via a padding argument.
Any constantpass randomized algorithm with an approximation better than to Max Unique Coverage requires space.
Proof.
For each , let be a random partition of into sets such that an element in the universe belongs to exactly one of these sets uniformly at random. In particular, for all and ,
The partitions are chosen independently using public randomness before receiving the input. For each player , if , then they put in the stream. Note that the stream consists of sets.
If the input is a NO instance, then for each , there is at most one set in the stream. Therefore, for each element and any collection of sets in the stream,
Therefore, in expectation, . By an application of Hoeffding’s inequality,
The last inequality follows by letting . The following claim shows that for large , in expectation, picking sets is optimal in terms of unique coverage. The function is increasing in the interval and decreasing in the interval .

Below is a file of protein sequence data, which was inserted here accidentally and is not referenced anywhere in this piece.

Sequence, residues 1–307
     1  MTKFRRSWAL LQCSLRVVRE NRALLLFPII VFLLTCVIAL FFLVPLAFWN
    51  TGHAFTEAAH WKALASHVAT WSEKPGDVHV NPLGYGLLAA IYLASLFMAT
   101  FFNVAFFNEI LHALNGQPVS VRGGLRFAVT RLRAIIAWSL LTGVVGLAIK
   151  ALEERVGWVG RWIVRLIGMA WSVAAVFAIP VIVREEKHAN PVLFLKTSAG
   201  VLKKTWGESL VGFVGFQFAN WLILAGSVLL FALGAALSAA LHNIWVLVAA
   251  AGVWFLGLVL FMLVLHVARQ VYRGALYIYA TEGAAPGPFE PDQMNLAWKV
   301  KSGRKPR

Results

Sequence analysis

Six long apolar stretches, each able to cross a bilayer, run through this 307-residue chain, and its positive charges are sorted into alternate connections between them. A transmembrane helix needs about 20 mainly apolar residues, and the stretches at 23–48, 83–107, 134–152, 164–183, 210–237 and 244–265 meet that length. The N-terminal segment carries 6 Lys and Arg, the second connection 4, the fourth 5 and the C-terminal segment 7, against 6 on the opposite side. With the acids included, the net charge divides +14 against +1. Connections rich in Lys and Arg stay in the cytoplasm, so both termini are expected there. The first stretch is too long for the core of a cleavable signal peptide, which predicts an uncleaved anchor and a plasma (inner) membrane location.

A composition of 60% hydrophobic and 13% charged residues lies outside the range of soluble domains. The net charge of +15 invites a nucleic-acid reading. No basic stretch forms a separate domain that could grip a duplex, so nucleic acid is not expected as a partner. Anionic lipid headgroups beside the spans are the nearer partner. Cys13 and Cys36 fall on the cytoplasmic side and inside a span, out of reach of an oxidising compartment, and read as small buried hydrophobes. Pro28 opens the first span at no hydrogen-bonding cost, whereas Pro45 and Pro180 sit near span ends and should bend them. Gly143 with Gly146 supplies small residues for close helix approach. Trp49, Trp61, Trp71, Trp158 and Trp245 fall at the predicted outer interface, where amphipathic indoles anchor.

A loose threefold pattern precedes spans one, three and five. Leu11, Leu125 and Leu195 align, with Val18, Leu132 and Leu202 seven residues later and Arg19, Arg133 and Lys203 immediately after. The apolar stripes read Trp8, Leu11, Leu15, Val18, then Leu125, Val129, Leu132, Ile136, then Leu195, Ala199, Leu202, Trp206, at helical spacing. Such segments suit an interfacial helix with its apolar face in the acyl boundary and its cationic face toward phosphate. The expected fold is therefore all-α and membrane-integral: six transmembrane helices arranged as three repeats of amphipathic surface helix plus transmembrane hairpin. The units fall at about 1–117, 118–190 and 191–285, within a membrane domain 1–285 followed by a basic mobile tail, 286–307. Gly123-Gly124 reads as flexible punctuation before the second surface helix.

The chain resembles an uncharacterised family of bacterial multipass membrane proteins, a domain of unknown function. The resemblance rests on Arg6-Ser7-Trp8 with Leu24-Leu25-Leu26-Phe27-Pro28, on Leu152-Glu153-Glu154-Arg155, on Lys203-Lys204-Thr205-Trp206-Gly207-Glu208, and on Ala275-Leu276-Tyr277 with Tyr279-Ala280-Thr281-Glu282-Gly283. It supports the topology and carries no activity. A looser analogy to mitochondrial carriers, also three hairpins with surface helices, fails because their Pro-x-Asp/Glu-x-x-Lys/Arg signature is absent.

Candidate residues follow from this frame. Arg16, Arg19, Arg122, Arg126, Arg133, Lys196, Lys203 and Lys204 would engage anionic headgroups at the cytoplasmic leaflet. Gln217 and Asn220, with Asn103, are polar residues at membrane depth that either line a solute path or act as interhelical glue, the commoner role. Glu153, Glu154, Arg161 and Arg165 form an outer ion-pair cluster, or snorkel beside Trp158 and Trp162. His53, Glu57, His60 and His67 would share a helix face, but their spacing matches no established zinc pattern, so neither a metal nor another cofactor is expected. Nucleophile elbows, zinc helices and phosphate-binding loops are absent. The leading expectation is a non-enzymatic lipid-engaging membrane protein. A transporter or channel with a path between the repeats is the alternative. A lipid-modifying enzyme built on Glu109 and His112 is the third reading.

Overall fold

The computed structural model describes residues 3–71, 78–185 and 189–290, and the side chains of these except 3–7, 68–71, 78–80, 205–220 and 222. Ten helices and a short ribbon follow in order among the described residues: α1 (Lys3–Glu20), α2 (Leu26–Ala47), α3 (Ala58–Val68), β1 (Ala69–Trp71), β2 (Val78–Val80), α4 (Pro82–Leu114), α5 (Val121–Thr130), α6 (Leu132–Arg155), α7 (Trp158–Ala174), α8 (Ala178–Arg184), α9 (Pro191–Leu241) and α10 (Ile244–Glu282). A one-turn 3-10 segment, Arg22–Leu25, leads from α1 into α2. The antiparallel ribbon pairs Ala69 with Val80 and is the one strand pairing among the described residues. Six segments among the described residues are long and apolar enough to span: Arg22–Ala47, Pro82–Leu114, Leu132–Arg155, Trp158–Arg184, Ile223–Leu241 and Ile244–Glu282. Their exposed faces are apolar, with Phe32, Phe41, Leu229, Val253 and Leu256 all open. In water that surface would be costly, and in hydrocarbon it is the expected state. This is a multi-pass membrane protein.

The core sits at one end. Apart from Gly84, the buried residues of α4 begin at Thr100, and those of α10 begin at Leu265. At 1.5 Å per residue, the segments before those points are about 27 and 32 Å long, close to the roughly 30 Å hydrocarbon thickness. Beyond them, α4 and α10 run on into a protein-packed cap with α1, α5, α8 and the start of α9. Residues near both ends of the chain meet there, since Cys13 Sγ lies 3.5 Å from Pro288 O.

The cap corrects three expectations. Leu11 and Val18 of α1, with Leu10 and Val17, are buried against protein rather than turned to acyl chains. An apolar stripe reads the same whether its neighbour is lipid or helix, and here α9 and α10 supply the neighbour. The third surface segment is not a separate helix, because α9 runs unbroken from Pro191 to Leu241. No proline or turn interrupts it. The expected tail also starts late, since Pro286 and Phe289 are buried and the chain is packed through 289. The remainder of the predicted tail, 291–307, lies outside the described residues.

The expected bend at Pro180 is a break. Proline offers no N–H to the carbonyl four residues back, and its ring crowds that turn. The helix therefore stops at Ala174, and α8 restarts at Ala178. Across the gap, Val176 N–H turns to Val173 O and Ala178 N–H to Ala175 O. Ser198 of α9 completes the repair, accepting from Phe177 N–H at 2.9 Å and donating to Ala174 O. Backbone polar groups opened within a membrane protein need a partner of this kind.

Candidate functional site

Proof.
We take the partial derivative of with respect to
and observe that it is nonnegative if and only if . ∎
By appealing to the union bound over all possible collections sets, we deduce that with high probability, for all collections of sets ,
If the input is a YES instance, then clearly, the maximum unique coverage is . This is because there exists such that and therefore are in the stream and these sets uniquely cover all elements.
Therefore, any constant pass algorithm that returns better than a approximation to Max Unique Coverage for some large enough constant success probability implies a protocol to solve . Thus, space is required. ∎